A case study of hyperthermia induced temperature computations in human sarcomas using discrete vasculature and relative perfusion maps
One of the most important technical aspects in clinical hyperthermia is the ability to measure and/or simulate the 3D temperature fields. Related to that, an essential part is the way in which the complex heat transfer related to vasculature is described. We report here the results of a collaboration between the hyperthermia modeling groups from the UMC Utrecht, The Netherlands, and Duke UMC, USA. Utrecht's hyperthermia group has developed a flexible, discrete vasculature thermal model (DIVA) (Kotte et al. 1996) that describes the heat transfer related to discrete vasculature. The vasculature was imaged using MR angiography. To account for the smaller vessels that are responsible for the significant bioheat transport, relative perfusion maps measured at Duke using dynamic enhanced-magnetic resonance imaging were used. Alternatively, the VAMP program (Van Leeuwen et al. 1998) was used to artificially generate smaller vasculature. The cases with discretized vasculature were compared to continuum models where either heterogeneous isotropic perfusion, or relative perfusion maps were used. All simulations were compared to MR thermometry data. The conclusion is that for tumors crossed by or near large vessels, a combination of large vessels discretization and perfusion maps yields temperatures that match very well the MR thermometry data.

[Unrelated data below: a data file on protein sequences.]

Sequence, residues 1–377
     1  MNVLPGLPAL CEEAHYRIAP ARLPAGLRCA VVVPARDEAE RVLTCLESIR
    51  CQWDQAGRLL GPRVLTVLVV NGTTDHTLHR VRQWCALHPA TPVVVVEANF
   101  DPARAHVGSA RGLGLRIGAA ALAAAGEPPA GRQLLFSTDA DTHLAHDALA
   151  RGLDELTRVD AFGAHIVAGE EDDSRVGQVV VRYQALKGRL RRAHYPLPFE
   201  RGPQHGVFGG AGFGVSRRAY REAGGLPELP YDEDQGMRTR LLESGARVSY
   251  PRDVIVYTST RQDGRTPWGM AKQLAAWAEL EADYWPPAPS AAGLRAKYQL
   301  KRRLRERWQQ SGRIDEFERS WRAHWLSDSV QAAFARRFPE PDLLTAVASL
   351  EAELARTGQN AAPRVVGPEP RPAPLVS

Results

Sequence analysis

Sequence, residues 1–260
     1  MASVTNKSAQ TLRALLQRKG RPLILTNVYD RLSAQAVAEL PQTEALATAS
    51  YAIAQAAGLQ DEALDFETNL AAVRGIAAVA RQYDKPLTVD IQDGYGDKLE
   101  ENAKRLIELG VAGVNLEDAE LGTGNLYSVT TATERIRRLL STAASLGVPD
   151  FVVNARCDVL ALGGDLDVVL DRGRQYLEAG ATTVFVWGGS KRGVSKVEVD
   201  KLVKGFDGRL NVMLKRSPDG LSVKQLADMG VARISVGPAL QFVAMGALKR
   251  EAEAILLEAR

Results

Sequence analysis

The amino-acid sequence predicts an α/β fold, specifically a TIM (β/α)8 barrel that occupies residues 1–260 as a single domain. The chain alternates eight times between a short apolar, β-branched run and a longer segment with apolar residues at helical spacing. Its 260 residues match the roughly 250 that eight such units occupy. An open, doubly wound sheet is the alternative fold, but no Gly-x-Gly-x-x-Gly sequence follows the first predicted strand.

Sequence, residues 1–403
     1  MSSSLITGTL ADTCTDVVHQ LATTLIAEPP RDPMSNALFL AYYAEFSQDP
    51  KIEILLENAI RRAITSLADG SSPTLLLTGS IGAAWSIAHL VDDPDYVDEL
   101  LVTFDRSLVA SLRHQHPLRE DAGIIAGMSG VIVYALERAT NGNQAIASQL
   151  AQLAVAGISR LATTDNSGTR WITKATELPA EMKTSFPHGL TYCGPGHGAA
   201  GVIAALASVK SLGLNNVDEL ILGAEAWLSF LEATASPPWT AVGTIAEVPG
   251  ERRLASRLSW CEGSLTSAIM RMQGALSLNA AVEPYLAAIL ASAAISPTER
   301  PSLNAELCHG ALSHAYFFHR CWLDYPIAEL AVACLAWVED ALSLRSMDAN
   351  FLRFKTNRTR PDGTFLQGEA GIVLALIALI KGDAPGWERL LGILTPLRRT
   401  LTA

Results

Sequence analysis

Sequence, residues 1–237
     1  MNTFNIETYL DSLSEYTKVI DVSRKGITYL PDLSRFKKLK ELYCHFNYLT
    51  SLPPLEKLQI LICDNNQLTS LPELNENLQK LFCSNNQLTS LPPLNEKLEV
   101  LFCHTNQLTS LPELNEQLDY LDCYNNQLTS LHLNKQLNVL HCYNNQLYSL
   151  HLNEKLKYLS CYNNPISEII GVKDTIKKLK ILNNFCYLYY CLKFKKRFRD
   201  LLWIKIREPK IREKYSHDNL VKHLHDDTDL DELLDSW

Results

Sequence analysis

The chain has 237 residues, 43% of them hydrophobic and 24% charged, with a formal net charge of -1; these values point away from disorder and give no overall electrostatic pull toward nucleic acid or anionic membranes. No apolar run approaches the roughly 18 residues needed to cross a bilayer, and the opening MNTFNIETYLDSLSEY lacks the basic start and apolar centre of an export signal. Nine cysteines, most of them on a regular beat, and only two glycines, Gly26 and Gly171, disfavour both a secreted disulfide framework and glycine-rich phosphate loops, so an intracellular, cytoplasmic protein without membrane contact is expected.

Craciunescu, OI; Raaymakers, BW; Kotte, ANTJ; Das, SK; Samulski, TV; Lagendijk, JJW
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